Via Economix; created by the Physicians Committee for Responsible Medicine.
If you can't view the image, it's a graphic labeled "Why Does a Salad Cost More Than a Big Mac?" featuring two pyramids. The one on the left is labeled "Federal Subsidies for Food Production, 1995-2005," and it shows the breakdown by food type of US Government Subsidies: 73.8% Meat/Dairy, 13.23% Grains, 10.69% Sugar, Oil, Starch, and Alcohol, 1.91% Nuts/Legumes, and 0.37% Fruits/Vegetables. The one of the right is labeled "Federal Nutrition Recommendations," and it shows the breakdown by food type of US Government Nutritional Guidelines: 11 servings of grains, 9 servings of fruits/vegetables, 6 servings of protein (meat, dairy, nuts, and legumes), and sugar, oil, and salt are to be "used sparingly."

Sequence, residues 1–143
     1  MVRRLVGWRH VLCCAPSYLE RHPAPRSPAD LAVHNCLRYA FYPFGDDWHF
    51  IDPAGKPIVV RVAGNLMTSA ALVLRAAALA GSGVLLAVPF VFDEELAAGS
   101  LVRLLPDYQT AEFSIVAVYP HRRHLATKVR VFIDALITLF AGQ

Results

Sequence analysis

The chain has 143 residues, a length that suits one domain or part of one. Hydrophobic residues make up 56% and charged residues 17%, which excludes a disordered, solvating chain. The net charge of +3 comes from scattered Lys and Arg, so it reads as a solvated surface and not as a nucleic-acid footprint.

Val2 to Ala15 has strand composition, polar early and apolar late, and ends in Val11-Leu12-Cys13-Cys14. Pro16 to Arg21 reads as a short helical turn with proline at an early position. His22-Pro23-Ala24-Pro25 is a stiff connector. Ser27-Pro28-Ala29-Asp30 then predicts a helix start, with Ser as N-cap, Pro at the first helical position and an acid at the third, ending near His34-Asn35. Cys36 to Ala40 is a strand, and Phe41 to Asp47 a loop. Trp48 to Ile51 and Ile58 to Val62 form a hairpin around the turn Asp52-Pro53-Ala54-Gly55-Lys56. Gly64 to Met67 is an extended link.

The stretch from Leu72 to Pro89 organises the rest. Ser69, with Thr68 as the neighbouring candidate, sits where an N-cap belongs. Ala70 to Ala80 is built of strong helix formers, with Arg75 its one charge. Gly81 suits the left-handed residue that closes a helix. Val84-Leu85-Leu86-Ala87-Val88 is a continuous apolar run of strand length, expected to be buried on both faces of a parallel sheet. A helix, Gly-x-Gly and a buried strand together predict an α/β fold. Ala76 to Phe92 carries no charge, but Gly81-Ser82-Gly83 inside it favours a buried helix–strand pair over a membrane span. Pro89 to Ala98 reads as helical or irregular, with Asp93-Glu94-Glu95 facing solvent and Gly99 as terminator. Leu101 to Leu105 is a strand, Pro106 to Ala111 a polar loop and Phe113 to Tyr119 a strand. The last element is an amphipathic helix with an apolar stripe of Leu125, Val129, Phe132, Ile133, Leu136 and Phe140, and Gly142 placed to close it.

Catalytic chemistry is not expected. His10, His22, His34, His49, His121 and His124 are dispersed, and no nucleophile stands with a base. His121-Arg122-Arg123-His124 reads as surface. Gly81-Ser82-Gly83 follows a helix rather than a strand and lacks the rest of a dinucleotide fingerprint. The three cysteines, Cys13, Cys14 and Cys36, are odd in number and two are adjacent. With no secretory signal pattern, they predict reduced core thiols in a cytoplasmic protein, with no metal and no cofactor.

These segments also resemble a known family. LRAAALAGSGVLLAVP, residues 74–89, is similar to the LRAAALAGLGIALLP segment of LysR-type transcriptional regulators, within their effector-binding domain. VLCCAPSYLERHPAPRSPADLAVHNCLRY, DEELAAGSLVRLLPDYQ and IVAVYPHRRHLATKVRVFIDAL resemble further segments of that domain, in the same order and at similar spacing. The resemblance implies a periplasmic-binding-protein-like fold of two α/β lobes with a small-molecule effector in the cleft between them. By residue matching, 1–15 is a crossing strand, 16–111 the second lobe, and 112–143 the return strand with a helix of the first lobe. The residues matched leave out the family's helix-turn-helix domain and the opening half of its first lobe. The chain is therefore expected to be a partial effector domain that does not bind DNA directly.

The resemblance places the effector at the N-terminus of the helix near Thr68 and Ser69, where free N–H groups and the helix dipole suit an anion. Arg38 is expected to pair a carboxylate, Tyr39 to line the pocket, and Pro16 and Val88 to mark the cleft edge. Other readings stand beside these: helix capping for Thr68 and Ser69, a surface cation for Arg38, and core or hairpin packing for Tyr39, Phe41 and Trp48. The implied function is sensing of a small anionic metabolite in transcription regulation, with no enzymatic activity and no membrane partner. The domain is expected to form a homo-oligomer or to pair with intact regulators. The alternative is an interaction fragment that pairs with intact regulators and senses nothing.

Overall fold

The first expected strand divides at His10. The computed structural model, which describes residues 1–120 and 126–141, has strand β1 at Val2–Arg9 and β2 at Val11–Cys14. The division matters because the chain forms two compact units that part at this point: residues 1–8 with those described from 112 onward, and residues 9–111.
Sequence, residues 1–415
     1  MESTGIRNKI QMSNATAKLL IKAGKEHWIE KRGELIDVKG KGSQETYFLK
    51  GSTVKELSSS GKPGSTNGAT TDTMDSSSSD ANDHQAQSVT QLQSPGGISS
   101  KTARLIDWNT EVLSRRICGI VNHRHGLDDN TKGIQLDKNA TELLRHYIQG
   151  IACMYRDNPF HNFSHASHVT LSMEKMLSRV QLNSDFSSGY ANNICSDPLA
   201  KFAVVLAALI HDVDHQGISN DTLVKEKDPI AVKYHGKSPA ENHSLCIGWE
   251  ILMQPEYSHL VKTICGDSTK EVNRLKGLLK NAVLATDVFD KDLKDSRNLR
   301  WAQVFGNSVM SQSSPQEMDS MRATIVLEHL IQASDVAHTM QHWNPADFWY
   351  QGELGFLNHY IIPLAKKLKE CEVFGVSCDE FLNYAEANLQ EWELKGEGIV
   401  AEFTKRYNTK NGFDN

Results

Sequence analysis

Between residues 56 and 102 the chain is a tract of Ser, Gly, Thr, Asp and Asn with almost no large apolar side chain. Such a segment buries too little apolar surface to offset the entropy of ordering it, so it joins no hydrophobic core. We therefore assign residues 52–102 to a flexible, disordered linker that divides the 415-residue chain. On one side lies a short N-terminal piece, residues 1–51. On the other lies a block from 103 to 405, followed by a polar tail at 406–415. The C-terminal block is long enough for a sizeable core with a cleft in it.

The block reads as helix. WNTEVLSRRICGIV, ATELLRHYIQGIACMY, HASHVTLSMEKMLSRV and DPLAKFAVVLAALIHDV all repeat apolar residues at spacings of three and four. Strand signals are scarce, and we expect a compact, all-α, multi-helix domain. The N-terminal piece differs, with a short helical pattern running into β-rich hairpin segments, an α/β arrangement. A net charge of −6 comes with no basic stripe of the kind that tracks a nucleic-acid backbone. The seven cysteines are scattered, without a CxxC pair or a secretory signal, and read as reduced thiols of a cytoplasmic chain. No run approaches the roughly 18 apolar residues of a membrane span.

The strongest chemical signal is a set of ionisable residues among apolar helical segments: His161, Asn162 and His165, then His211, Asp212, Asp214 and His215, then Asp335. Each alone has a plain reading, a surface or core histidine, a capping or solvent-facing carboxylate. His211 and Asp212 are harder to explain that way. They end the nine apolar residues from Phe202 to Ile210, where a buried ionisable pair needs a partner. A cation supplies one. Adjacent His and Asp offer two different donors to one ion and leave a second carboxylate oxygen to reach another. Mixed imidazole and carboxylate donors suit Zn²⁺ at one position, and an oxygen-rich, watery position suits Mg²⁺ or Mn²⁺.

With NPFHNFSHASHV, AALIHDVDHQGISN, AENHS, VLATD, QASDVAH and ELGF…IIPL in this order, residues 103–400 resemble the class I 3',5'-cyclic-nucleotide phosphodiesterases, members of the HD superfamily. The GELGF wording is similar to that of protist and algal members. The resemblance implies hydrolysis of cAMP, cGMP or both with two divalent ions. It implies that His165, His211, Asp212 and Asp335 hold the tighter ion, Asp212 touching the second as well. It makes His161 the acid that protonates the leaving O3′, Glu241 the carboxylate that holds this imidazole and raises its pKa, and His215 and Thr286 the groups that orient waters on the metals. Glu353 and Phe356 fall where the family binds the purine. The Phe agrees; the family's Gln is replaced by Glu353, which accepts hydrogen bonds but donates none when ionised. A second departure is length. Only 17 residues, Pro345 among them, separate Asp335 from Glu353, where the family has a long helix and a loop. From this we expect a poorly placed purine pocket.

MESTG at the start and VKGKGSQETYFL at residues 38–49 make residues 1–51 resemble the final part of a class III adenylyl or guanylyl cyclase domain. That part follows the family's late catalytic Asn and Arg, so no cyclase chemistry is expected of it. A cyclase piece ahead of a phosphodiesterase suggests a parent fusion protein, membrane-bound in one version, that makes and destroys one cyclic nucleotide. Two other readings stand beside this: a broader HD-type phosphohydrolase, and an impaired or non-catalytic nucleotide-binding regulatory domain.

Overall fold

The reality is that US government subsidies are almost the precise opposite of its nutritional recommendations.
The result is that shitty food is cheap. And affordable, available, easily accessible food is way more likely to be shitty food. And derivatives of highly-subsidized foods get stuck into everything, like high-fructose corn syrup, irrespective of their nutritional value.
[H/T to Shaker Naznarreb.]